Since the turn of the century, China has worked hard to become one of the fastest-rising powers in space. In 2003, the Chinese National Space Administration (CNSA) began sending their first taikonauts to space with the Shenzou program. This was followed by the deployment of the Tiangong-1 space station in 2011 and the launch of Tiangong-2 in 2016. And in the coming years, China also has its sights set on the Moon.
But before China can conduct crewed lunar missions, they must first explore the surface to locate safe landing spots and resources. This is the purpose behind the Chinese Lunar Exploration Program (aka. the Chang’e program). Named after the Chinese goddess of the moon, this program made history yesterday (Thursday, Jan. 3rd) when the fourth vehicle to bear the name (Chang’e-4) landed on the far side of the Moon.
It’s no secret that China’s growth in the past few decades has been reflected in space. In addition to the country’s growing economic power and international influence, it has also made some very impressive strides in terms of its space program. This includes the development of the Long March rocket family, the deployment of their first space station, and the Chinese Lunar Exploration Program (CLEP) – aka. the Chang’e program.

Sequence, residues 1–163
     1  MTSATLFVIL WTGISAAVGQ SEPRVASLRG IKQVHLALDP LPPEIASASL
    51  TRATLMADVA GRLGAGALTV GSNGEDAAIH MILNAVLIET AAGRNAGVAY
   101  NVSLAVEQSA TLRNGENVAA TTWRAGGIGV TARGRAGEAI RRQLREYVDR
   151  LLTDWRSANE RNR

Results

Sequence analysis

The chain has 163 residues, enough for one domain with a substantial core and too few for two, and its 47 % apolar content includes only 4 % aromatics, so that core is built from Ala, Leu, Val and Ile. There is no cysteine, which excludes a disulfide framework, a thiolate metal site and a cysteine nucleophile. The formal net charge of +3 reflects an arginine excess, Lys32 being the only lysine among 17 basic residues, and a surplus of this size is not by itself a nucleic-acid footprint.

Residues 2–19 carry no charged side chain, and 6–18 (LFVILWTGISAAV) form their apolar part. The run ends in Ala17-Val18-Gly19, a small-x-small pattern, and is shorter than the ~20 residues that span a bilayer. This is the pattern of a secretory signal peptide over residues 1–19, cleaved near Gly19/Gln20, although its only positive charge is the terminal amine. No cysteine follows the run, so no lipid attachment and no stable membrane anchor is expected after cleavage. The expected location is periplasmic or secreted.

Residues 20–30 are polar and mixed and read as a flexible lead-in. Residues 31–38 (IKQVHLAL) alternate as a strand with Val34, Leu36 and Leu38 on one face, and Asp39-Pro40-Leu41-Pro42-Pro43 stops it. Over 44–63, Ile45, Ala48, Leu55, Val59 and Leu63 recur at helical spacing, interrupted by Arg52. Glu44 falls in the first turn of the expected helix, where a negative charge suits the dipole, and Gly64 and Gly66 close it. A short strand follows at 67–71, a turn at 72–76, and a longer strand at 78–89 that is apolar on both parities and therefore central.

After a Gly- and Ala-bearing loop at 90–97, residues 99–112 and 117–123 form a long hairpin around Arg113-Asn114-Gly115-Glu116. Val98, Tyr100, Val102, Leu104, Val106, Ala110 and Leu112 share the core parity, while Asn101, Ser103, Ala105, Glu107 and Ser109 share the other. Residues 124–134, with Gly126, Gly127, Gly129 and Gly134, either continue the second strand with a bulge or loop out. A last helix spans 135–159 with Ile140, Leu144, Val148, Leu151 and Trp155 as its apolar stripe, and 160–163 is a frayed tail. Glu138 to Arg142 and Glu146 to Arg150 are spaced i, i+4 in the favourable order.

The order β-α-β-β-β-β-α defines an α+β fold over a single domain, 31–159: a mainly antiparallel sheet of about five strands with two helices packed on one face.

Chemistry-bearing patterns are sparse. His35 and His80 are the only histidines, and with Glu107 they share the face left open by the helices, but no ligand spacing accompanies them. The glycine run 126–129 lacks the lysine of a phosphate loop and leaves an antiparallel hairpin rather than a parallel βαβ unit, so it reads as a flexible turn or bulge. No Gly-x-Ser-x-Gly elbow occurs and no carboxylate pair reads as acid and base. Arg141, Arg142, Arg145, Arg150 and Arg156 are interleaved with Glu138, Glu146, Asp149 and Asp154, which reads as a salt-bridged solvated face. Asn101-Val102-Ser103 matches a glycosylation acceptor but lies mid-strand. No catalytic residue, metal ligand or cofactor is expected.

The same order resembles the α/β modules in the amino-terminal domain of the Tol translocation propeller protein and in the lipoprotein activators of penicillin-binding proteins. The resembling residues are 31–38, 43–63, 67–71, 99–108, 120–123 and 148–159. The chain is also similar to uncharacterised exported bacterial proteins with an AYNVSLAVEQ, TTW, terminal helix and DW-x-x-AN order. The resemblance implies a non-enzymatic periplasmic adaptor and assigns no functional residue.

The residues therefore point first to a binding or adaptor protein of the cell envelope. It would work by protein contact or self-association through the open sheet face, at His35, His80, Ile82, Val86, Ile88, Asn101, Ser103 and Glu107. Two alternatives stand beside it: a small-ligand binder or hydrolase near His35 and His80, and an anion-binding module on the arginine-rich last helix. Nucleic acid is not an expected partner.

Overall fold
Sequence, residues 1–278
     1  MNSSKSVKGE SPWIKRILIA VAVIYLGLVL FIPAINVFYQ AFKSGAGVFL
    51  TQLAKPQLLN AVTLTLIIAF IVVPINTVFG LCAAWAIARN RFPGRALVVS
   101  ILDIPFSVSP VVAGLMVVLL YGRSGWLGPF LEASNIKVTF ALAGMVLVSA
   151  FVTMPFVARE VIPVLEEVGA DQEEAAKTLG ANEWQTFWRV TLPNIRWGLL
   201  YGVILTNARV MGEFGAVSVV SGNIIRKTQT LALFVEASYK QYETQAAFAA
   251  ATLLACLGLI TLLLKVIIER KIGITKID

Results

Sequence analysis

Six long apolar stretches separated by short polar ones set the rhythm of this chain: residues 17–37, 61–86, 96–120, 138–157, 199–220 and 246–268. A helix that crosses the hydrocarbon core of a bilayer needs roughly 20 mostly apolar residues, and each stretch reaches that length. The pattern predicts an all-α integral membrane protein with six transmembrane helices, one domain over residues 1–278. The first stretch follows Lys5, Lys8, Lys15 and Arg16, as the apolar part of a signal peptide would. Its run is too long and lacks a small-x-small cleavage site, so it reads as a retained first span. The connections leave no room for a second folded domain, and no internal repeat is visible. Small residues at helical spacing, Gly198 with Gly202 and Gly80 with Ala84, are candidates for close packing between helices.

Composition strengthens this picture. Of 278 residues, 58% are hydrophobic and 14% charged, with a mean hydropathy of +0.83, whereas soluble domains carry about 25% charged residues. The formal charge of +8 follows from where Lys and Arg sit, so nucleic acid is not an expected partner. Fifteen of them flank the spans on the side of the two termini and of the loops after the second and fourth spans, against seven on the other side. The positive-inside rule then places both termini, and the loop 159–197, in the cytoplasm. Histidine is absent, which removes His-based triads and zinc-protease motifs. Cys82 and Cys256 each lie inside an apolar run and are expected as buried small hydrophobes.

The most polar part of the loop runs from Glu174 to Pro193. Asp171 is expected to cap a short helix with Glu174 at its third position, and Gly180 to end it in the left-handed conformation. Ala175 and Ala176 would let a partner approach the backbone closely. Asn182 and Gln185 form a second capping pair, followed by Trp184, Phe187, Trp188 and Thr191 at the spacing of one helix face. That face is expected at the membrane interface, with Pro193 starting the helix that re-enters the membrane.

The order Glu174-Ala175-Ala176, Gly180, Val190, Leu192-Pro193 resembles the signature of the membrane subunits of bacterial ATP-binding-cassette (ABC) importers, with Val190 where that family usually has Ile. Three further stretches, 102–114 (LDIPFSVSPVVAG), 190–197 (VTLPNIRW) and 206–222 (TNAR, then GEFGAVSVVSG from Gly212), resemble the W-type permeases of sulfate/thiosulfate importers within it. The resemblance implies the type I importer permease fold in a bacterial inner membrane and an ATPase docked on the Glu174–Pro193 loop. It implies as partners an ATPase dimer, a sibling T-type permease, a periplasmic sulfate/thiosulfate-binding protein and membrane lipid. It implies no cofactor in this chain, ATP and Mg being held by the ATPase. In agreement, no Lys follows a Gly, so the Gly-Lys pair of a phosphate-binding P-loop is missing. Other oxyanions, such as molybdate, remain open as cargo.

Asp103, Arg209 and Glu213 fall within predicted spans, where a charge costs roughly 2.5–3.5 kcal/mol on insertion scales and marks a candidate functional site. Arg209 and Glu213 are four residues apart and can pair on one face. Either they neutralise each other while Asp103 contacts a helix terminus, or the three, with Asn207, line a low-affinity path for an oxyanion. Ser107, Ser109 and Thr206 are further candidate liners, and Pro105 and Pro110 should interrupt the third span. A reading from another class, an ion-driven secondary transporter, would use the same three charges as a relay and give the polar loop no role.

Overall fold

Given all that, one would not be surprised to learn that China has some big plans for 2018. But as the China Aerospace Science and Technology Corporation (CASC) announced last Tuesday (on January 2nd, 2018), they intend to double the number of launches they conducted in 2017. In total, the CASC plans to mount over 40 launches, which will include the Long March 5 returning to flight, the Chang’e 4 mission, and the deployment of multiple satellites.